The population of bright galaxies at z = 2–4 has been studied intensively using the Lyman-Break technique (Steidel et al. 1996; Cristiani et al. 2000). Currently, redshifts can be determined from absorption features of galaxies selected in this way down to R P 25.5 (e.g. Steidel et al. 2000), which is commonly referred to as the spectroscopic limit. Currently, very little is known about the galaxy population below the spectroscopic limit. This is an unfortunate situation since all the information on the chemical enrichment of young galaxies (Damped Ly-a Absorbers) accessible through QSO absorption lines seems to be valid mainly for galaxies significantly fainter than R = 25.5 (Fynbo et al. 1999; Haehnelt et al. 2000). In order to select and study galaxies fainter than the current spectroscopic limit, one has to rely on other selection criteria than the Ly m a n - Break. Two promising possibilities are (i) to select galaxies with Ly-a emission lines, and (ii) to study the host galaxies of Gamma-Ray Bursts (GRBs).
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27-27 (PDF)
H. Jones et al.
Discovery of a bow-shock nebula around the pulsar B0740-28

ADS BibCode:
Reports from Observers
Jones, H.; Stappers, B.; Gaensler, B.
AA(ESO Chile) AB(University of Amsterdam) AC(MIT)
Bow-shock nebulae around highvelocity pulsars provide our primary insight into the interaction between a pulsar and its surrounding environment. Specifically, optical observations of such nebulae allow us to derive full three-dimensional pulsar velocities which are extremely important for the birth rates and evolution of pulsars. They can also provide important information on the density, temperature and composition of the surrounding ambient medium. Unfortunately, only a few bow-shock nebulae have been discovered, despite there being nearly a thousand pulsars known from radio surveys. We have therefore commenced a search for pulsar bow-shocks, using the results to characterise the properties of the associated pulsars, pulsar winds and ambient environments.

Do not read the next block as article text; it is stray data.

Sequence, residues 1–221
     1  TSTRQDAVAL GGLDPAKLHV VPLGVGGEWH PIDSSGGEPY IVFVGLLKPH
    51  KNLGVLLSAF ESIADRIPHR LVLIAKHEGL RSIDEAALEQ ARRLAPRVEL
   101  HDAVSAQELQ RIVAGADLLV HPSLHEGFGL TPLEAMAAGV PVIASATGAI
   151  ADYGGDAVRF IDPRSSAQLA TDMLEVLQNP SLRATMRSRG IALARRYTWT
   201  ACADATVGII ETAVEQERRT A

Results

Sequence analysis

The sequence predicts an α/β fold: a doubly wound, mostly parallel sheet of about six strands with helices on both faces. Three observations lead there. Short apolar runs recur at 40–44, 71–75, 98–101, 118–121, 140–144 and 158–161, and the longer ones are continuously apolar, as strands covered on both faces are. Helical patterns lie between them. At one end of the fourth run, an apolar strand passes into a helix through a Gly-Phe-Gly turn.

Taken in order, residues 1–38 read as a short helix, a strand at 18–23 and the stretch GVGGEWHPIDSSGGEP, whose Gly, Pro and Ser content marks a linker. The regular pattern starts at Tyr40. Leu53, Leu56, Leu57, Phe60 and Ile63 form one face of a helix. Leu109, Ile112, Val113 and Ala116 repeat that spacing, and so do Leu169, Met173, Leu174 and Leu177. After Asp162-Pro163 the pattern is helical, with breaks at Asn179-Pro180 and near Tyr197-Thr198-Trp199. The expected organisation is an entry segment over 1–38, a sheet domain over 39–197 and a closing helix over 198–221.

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28-31 (PDF)
L. Testi et al.
Young stellar clusters in the Vela D molecular cloud

ADS BibCode:
Reports from Observers
Testi, L.; Vanzi, L.; Massi, F.
AA(Osservatorio Astrofisico di Arcetri, Florence, Italy) AB(European Southern Observatory, Santiago, Chile) AC(Osservatorio Astronomico di Teramo, Teramo, Italy)
It is now well established by means of direct and indirect observations that most, if not all, stars are formed in groups rather than in isolation (Clarke, Bonnell & Hillenbrand 2000). An important result that strongly constrains theories of massive star and stellar cluster formation is that the stellar density of young stellar clusters seems to depend on the mass of the most massive star in the cluster. Low-mass stars are usually found to form in loose groups with typical densities of a few stars per cubic parsec (Gomez et al. 1993), while high-mass stars are found within dense stellar clusters of up to 104 stars per cubic parsec (e.g. the Orion Nebula Cluster, Hillenbrand & Hartmann 1998). To explain this different behaviour, it has been proposed that massive stars may form with a process that is drastically different from the standard accretion picture, e.g. by coalescence of lower mass seeds in a dense cluster environment. The transition between these two modes of formation should occur in the intermediate-mass regime, namely 2 <= M/M0 <= 15.
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31-36 (PDF)